KROLL GIVEN EXTRA MONTH TO COMPLETE AUDIT OF MOZAMBICAN COMPANIES

The United States company Kroll, reputedly the foremost forensic audit company in the world, has requested, and been granted, a further month to complete its audit of the quasi-public Mozambican companies Pro-indicus, Ematum (Mozambique Tuna Company) and MAM (Mozambique Asset Management).

When the London branch of Kroll was hired last year to undertake the international, independent audit of the three companies it was initially given 90 days to complete the task. That deadline meant completing the audit by the end of February.

According to a statement issued here Monday by the Attorney-General’s Office (PGR), which is looking into crimes which may have been committed in setting up, financing and operating the three companies, Kroll submitted a preliminary report in January which detailed the audit activities undertaken so far, in accordance with the terms of reference, describing the progress made and outlining the steps which still need to be taken.

According to the PGR, the work undertaken by Kroll to date “includes analyses of extensive financial data and other available documentation, visits to the offices of the three companies, visits to facilities and equipment in several parts of the country, and interviews with members of the government, public servants, workers of the three companies and other figures”.

Kroll has also requested additional information from the suppliers of the three companies, from the banks which lent them huge sums and from other national and foreign institutions (which the PGR does not name).

Since collecting and processing this information is complex and is still under way, in Mozambique and abroad, Kroll asked for more time. The PGR states that, in collaboration with the International Monetary Fund (which demanded the audit as a condition for resuming normal relations with Mozambique), and with the Swedish Embassy here (which is financing the audit), it has agreed to grant Kroll a further month. Hence the final audit report should be delivered by March 31.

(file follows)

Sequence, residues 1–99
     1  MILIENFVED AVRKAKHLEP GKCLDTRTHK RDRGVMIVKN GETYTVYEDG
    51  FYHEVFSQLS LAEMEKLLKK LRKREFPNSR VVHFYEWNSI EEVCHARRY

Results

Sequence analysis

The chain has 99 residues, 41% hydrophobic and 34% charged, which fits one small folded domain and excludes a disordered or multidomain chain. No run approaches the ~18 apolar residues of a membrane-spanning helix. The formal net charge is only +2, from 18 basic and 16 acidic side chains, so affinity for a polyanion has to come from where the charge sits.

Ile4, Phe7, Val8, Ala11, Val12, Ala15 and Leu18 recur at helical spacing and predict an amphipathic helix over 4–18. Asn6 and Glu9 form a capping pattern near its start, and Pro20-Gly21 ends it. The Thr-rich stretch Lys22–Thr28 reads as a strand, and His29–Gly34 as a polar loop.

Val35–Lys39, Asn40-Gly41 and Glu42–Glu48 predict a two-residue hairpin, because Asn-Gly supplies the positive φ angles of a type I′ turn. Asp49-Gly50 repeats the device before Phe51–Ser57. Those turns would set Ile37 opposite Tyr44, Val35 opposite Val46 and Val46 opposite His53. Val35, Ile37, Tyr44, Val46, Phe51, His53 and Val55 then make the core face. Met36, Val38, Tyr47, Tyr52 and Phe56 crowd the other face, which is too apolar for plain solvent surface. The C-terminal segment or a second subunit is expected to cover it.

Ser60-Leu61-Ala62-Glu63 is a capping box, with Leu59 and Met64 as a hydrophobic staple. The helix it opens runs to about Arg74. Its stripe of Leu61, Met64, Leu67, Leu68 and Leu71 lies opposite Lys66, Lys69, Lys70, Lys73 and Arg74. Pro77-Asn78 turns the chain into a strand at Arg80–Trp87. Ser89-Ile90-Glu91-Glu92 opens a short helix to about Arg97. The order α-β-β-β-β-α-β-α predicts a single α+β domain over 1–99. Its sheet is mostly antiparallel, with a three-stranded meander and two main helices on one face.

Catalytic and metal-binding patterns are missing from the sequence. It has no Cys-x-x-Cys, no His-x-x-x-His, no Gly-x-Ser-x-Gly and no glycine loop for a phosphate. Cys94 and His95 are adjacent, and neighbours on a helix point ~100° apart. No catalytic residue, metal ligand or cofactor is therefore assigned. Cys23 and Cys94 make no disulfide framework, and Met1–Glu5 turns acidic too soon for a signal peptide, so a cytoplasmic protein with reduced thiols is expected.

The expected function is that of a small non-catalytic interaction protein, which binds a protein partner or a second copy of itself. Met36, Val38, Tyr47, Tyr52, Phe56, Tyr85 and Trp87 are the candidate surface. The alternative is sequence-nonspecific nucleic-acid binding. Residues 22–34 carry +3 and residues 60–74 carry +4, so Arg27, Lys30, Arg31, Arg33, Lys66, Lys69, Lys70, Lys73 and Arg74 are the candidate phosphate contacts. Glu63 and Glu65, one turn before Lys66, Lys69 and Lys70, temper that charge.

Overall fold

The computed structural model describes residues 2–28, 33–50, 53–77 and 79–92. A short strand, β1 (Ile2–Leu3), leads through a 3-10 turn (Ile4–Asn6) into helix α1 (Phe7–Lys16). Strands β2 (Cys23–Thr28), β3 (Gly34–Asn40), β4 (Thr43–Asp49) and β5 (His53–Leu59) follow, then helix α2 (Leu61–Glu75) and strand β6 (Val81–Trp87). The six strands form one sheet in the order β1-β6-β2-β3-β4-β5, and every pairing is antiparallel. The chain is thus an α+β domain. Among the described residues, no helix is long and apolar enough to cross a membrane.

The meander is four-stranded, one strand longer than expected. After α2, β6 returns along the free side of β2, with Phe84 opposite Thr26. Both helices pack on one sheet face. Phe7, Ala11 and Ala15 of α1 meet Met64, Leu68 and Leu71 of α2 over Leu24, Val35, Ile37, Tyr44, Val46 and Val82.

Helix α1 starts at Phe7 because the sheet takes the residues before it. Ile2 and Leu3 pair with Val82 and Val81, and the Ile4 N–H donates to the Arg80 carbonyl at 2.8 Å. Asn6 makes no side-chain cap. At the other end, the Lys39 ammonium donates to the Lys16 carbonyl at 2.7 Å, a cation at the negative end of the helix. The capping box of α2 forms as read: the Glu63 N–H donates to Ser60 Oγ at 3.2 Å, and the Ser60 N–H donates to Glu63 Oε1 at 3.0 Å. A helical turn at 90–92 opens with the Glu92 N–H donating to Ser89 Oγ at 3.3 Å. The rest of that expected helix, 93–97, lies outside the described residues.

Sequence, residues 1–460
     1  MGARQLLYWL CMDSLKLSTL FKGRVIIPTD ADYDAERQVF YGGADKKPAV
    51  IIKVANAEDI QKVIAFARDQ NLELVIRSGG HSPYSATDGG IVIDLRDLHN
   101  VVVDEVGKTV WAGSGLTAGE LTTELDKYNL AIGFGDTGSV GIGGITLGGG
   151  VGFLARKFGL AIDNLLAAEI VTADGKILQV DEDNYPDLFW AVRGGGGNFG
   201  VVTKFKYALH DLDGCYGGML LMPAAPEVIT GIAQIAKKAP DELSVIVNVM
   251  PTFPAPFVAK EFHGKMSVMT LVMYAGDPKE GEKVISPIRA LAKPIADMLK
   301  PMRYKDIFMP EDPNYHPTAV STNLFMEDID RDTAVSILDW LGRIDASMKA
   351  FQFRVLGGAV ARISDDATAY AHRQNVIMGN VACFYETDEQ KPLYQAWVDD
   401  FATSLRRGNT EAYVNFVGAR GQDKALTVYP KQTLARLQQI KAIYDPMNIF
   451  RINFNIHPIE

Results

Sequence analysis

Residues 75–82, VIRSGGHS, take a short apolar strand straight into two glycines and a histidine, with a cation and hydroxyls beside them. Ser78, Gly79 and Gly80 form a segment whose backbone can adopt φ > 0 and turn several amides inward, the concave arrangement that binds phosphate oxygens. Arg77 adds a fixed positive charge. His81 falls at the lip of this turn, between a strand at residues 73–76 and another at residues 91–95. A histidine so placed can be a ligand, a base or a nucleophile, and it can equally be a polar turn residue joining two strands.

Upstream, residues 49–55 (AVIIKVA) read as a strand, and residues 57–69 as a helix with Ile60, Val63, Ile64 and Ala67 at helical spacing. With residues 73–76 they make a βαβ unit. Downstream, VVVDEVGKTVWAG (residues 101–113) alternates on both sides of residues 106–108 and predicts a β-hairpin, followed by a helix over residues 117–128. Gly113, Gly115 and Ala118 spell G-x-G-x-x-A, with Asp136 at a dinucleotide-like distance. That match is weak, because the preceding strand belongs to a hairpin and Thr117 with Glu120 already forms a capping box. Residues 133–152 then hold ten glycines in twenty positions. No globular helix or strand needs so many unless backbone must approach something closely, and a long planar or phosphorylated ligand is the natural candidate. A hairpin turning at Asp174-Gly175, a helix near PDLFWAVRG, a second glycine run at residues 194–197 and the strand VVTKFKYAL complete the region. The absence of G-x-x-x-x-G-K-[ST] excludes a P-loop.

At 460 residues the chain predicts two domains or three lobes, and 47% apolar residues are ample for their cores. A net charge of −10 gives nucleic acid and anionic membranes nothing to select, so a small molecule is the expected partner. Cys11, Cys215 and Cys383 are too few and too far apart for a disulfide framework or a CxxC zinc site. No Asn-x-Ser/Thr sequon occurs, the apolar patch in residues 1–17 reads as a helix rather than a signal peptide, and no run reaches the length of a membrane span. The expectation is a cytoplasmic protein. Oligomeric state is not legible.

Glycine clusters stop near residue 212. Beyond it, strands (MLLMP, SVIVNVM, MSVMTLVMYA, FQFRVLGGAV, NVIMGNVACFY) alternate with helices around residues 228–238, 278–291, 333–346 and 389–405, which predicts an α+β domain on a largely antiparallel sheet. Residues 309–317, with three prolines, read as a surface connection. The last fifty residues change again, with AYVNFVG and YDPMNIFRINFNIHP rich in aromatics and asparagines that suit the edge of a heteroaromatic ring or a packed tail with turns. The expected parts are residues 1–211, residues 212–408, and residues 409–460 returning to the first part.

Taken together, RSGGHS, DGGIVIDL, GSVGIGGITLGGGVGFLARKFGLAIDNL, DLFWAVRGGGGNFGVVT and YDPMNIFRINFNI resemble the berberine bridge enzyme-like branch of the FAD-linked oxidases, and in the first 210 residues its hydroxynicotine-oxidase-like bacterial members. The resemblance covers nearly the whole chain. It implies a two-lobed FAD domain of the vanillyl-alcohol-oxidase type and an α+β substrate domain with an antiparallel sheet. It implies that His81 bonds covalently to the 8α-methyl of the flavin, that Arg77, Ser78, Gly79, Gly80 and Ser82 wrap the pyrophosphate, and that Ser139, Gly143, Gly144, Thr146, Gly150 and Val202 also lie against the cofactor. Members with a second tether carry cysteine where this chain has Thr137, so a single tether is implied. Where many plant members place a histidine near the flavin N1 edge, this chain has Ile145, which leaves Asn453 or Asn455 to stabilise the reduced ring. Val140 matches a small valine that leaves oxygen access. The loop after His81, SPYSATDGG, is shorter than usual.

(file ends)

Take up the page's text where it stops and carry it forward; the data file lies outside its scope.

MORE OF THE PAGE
The three companies took out loans amounting to more than two billion US dollars from European banks (mainly Credit Suisse and VTB of Russia). These loans — 850 million USD for Ematum, 622 million USD for Proindicus, and 535 million USD for MAM — were on commercial terms, with high interest rates and short repayment periods. Since the loans were all guaranteed by the Mozambican government, they added 20 per cent to Mozambique’s foreign debt, and pushed it beyond the bounds of sustainability.

When a parliamentary Commission of Inquiry investigated the three loans last year, it found that the reason given for setting up the three companies was security in the Mozambique Channel. A “Project for Monitoring and Protection of the Exclusive Economic Zone” had been drawn up, and Ematum, Proindicus and MAM were among the instruments for implementing it.

This Project has never been published. It was deemed necessary because of threats of maritime piracy, illegal immigration, terrorism, drug trafficking, illegal fishing, and the need to guarantee security for oil and gas exploration.

Source: NAM NEWS NETWORK